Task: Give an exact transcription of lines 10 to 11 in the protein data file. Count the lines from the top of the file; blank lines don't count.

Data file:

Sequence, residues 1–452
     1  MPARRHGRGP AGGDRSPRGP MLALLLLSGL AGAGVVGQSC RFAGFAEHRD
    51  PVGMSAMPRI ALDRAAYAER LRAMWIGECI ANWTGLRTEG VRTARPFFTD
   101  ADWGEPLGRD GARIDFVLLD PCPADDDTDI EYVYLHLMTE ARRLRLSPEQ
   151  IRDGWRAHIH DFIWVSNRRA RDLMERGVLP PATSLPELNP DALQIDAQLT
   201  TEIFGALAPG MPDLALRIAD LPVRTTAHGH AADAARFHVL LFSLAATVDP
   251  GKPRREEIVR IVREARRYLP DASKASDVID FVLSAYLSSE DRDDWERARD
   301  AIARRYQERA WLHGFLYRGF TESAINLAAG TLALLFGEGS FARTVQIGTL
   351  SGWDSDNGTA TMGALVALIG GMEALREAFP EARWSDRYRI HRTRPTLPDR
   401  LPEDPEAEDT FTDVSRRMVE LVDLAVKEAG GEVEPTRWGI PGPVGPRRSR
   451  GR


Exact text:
   401  LPEDPEAEDT FTDVSRRMVE LVDLAVKEAG GEVEPTRWGI PGPVGPRRSR
   451  GR